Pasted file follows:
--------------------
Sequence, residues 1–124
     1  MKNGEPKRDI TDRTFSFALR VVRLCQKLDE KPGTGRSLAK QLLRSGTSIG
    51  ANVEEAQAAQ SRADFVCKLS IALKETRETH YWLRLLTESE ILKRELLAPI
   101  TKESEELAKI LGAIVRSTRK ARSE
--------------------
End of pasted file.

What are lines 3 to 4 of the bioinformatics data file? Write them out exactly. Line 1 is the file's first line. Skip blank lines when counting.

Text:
    51  ANVEEAQAAQ SRADFVCKLS IALKETRETH YWLRLLTESE ILKRELLAPI
   101  TKESEELAKI LGAIVRSTRK ARSE